The Secret Gospel, by Morton Smith (Harper & Row, 148 pp., $5.95). Yet another scholarly attempt (Smith teaches history at Columbia) to discover a “true” Jesus different from the one portrayed in the New Testament. Such “quests” have a curious way of reflecting the times in which they are written. So, not surprisingly, Smith says the best way to classify Jesus is as a “miracle-working magician.” From the beginning heretics have taught, as Smith does, two kinds of Christianity, one for insiders, another for the masses. The true Gospel will survive this latest attempt to undermine it.
Help For the Handicapped Child, by Florence Weiner (McGraw-Hill, 221 pp., $7.95). Describes most of the significant handicaps and diseases along with the major helping agencies. Should be quite useful for pastors, especially as a starter for establishing local contacts.
The Becomers, by Keith Miller (Word, 185 pp., $5.95). Those who appreciated The Taste of New Wine and A Second Touch will not be disappointed by this refreshing discussion of “What happens to a person after becoming a Christian?”
Religion in Sociological Perspective: Essays in the Empirical Study of Religion, edited by Charles Y. Gock (Wadsworth Publishing Co. [Belmont, Calif. 94002] 315 pp., n.p., pb). From the Survey Research Center, University of California at Berkeley, twenty-one rather technical essays in five groups: being and becoming religious; the effects of religion; conformity and rebellion among religious professionals; the origin and evolution of religious groups; and the future of religion.
Is This Really the End? A Reformed Analysis of “The Late Great Planet Earth,” by George C. Miladin (Puritan-Reformed [706a Greenbank Rd., Wilmington, Del. 19808], 55 pp., $1.25 pb). Is there a rapture? Or a seven-year tribulation? A critique of Hal Lindsey’s best-seller, for which the author faults inconsistent use of biblical literalism and neglect of biblical themes. Outlines Reformed thought on the end-times.
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Did You Receive the Spirit?, by Simon Tugwell (Paulist, 143 pp., $1.25 pb). A Catholic priest encourages group prayer and the use of spiritual gifts, including speaking in tongues. He disagrees with the attempt to tie sanctification totally to speaking in tongues. Smooth writing, gracious spirit.
The Acts of the Apostles, by William Neil (Attic [Box 1156, Greenwood, S. C. 29646], 272 pp., $9). An excellent commentary for the layman has been added to the “New Century Bible” series. Neil gives good reasons for treating Acts “with the utmost respect as a basically accurate account of what happened, recorded by a man whose evidence we have good cause to trust.”
The Gospel: Live It and Love It, by Rudolph Norden (Concordia, 79 pp., $1.95 pb). A well-written, orderly discussion of the meaning of the Gospel, and its implication for our lives. Good for new adult Christians.
Nigerian Harvest, by Edgar H. Smith (Baker, 318 pp., $5). A history of early Christian Reformed missionaries in Nigeria and the vibrant, growing Nigerian church there now. Very detailed.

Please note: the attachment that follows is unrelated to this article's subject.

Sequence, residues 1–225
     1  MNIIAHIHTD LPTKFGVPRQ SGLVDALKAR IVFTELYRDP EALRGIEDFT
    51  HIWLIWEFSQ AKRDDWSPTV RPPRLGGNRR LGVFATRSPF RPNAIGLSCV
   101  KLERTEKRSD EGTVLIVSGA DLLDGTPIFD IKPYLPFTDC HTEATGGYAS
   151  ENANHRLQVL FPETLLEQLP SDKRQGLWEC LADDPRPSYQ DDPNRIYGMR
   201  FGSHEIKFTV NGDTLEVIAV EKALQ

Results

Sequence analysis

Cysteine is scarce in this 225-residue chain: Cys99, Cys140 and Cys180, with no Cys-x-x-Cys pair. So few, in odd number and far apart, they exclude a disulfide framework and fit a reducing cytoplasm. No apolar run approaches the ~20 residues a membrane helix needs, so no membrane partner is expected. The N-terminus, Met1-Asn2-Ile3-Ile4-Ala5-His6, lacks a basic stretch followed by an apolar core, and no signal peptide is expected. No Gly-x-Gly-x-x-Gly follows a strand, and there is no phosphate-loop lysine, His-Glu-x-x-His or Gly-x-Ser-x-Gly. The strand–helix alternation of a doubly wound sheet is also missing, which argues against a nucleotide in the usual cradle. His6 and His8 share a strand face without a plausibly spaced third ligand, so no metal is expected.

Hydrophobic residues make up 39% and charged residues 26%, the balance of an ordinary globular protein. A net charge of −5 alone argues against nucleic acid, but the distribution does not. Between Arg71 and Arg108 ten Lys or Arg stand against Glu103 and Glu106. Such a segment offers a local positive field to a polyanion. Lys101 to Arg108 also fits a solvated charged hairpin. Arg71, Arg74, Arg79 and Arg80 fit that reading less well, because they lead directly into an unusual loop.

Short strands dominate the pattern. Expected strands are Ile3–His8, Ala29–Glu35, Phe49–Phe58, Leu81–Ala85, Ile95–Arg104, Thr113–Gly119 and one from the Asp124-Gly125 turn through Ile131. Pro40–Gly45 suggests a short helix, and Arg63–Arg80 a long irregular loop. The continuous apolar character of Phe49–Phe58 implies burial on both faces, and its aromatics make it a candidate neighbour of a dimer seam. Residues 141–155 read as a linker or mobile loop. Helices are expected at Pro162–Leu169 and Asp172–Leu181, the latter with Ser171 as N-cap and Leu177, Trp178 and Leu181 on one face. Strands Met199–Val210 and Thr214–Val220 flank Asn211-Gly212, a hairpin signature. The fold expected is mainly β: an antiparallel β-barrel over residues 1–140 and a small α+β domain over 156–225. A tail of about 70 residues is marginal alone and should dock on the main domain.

The New Oxford Annotated Bible, edited by Herbert May and Bruce Metzger (Oxford, 1,564 pp., $9.50). A slightly revised and enlarged edition of a decade-old study Bible. The RSV is the translation, with the new second edition for its New Testament portion. The notes and general articles seek to be positive but reflect a moderate acceptance of mainstream biblical criticism (JEDP built upon the “creative influence of Moses”; Paul wrote Ephesians but not, “in their present form,” the Pastorals). Users should compare it with the Harper Study Bible (Zondervan), Holman Study Bible, or Oxford’s own alternative, the New Scofield.
Adolescent Sexuality in Contemporary America: Personal Values and Sexual Behavior, Ages 13–19, by Robert Sorenson (World, 549 pp., $20). The results of an extensive and in-depth survey. May be a little misleading because the most conservative parents often refused questioning of their children. This picture of what is happening sexually should lead Christian parents to see the need of sensibly informing their children and helping them understand and conform to biblical sexual ethics.
Laymen Look at Preaching: Lay Expectation Factors in Relation to the Preaching of Helmut Thielicke, by Marvin J. Dirks (Christopher, 326 pp., $6.50). A detailed study of the technique and impact of one of the very few Continental preachers who consistently draw capacity crowds.
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Dynamic Discipleship, by Kenneth C. Kinghorn (Revell, 157 pp., $4.95). A readable guidebook for new Christians and those interested in becoming more effective disciples. Pinpoints problem attitudes and suggests constructive steps toward a dynamic walk in the Spirit.
The Methodist Revolution, by Bernard Semmel (Basic, 273 pp., $10.95). Social changes that reduced the need for social revolution in England (democratization, middle-class personal habits, obedience to the state) were the results of the aggressive evangelization and Arminian theology of Wesley and many early followers. Extensive footnoting and bibliography. Well written; valuable interpretation of an era.